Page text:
MACQUARIE Group’s powerhouse commodities head Nick O’Kane, who famously earned more than Wall Street chiefs such as JPMorgan Chase & Co’s Jamie Dimon and Citigroup’s Jane Fraser, will step down later this month.
The 28-year veteran of the company will resign as head of commodities and global markets and from the executive committee on Feb 27, to “pursue opportunities outside Macquarie”, the bank said on Tuesday (Feb 13).
Simon Wright, currently head of the financial markets unit within commodities and global markets, will replace him and will join the executive committee from Apr 1. Wright has been with Macquarie for 35 years.
O’Kane was a top performer and well-liked both internally and with clients, said Jamie Hannah, deputy head of investments and capital markets at Van Eck in Sydney, who holds Macquarie shares.
“I don’t think the market was expecting his departure,” he said. “Interestingly, Macquarie is down nearly 2 per cent today when the banking sector is up. So obviously the market respected his worth.”
The leadership shuffle came as Macquarie said its profit for the nine months ended Dec 31 was “substantially down” on the previous year. O’Kane made a “massive contribution”, and is leaving for a range of personal reasons, the lender’s chief executive officer Shemara Wikramanayake said on an analyst call on Tuesday.
O’Kane did not immediately respond to a request for comment by phone and LinkedIn.
Macquarie’s shares fell as much as 4.3 per cent, before paring losses to 1.9 per cent as at 12.11 pm in Sydney (9.11 am SGT).
O’Kane’s division saw earnings fall, primarily due to exceptionally strong results in the previous period, the bank said.
It was those results that drove the 59 per cent pay boost O’Kane received in the year to March 2023. His renumeration for the period was A$57.6 million (S$50.5 million), according to Macquarie’s annual report released last May. In contrast, chief executive officer Wikramanayake received A$32.8 million.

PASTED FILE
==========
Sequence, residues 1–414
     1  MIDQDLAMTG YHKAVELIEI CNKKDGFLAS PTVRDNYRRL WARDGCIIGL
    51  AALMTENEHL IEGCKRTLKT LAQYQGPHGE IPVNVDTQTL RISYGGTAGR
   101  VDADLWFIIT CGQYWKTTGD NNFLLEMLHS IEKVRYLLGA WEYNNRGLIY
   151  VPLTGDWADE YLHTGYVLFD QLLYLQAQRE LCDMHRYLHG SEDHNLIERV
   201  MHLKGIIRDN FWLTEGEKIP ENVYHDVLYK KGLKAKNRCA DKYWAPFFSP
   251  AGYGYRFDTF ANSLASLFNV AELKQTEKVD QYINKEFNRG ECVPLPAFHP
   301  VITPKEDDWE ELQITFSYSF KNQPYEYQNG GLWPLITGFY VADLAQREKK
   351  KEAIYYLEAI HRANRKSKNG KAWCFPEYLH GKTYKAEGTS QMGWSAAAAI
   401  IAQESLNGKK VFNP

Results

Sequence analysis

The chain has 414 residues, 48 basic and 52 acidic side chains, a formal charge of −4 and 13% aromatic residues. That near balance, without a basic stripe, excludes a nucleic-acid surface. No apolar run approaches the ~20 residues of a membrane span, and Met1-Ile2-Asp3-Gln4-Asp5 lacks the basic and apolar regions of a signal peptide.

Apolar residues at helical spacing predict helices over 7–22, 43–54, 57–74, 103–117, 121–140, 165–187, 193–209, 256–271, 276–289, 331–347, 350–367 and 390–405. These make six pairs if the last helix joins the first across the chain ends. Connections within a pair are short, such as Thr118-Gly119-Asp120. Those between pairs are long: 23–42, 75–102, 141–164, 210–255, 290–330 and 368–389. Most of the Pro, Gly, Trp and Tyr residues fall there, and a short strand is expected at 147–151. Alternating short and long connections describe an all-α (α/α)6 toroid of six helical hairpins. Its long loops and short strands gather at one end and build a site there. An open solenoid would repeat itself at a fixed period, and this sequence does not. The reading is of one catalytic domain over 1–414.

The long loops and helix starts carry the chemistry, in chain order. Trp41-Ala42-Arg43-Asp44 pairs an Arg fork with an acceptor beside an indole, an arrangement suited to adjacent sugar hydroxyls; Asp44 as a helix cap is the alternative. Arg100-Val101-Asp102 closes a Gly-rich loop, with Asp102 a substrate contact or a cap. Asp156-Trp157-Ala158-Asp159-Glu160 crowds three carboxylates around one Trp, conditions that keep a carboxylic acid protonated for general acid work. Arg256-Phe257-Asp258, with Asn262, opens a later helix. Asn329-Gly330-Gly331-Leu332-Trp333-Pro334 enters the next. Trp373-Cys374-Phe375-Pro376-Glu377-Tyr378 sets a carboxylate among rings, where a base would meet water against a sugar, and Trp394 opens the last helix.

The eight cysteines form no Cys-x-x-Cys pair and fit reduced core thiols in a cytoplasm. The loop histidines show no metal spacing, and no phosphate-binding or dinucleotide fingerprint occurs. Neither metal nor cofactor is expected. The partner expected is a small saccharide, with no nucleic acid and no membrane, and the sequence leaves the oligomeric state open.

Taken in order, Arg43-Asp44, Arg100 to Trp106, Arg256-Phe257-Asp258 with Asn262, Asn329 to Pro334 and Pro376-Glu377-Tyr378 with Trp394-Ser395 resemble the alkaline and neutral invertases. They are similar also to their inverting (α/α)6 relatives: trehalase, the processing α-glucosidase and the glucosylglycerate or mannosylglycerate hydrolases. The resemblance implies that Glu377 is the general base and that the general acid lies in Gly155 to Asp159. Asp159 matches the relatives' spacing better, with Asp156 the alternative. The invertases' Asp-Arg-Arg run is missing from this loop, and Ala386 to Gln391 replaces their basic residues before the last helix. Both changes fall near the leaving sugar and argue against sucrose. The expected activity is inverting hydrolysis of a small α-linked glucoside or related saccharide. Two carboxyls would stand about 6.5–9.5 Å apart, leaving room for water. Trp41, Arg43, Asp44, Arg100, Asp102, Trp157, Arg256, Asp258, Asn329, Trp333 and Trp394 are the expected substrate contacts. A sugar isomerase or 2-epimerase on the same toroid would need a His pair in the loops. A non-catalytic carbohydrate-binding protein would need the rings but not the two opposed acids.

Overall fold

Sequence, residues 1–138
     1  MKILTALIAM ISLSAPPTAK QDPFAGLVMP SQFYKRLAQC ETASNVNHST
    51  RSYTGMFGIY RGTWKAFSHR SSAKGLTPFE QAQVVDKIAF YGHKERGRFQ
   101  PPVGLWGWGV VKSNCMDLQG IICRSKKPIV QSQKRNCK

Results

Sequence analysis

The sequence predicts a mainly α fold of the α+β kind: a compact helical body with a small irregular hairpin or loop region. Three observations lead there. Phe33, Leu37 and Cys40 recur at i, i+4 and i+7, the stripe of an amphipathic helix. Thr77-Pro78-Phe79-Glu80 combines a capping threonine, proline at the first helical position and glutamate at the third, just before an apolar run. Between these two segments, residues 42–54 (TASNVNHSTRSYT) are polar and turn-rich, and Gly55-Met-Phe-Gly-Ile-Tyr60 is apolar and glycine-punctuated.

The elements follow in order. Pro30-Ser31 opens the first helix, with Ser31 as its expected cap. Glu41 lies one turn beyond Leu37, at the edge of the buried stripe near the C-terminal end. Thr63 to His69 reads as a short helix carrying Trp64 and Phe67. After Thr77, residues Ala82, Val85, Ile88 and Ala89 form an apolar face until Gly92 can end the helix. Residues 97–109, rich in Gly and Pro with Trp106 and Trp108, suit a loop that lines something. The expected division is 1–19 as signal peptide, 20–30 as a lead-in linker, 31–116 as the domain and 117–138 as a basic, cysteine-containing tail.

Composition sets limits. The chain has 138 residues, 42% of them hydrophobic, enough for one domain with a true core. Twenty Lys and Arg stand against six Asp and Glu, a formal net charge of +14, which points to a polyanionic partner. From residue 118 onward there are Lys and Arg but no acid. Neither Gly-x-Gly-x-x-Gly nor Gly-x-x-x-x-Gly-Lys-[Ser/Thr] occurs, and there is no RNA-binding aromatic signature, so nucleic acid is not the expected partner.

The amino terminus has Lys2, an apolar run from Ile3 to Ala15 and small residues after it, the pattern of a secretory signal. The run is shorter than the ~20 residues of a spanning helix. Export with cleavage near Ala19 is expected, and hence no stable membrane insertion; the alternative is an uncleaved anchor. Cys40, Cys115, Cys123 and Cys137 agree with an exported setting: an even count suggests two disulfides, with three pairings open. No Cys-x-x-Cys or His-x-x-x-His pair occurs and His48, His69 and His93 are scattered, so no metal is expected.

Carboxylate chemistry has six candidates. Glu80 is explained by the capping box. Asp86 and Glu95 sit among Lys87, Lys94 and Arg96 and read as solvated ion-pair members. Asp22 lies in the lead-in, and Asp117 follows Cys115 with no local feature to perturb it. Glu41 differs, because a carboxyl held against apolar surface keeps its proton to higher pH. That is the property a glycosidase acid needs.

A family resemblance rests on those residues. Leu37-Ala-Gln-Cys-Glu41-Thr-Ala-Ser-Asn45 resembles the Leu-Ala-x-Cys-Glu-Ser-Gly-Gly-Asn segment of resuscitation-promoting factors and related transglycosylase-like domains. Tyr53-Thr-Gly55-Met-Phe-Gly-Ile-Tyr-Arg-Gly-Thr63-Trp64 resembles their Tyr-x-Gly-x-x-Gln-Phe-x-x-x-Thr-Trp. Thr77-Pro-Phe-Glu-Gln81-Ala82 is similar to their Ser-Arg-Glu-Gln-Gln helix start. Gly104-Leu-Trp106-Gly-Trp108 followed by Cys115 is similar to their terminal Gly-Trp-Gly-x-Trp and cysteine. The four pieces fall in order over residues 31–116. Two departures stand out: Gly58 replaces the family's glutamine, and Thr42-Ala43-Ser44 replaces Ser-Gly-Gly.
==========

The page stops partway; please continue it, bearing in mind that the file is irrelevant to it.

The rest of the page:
O’Kane’s pay also topped that of the biggest US bank bosses. Citigroup awarded Fraser US$24.5 million for 2022, while JPMorgan kept Dimon’s total compensation at US$34.5 million for that year.
At the time, Macquarie chairman Glenn Stevens defended O’Kane’s salary, noting the bank is competing for talent in a global marketplace.
“This is an exceptional year so it’s not a surprise that there are some exceptional numbers,” Stevens said.
The Sydney-based bank entered the US natural gas market in 2005 with the acquisition of Cook Inlet Energy Supply, and in 2009 acquired Constellation Energy’s downstream natural gas trading platform.
O’Kane then built a matrix of leases over gas and energy transmission networks, making Macquarie the most powerful player in the US market, according to The Millionaire’s Factory, a history of Macquarie by Chris Wright and Joyce Moullakis, released last year.
“It will be interesting to see where he pops up, but he certainly knows the US market well and I imagine knows who is good within Macquarie’s business,” said UBS Group analyst John Storey. BLOOMBERG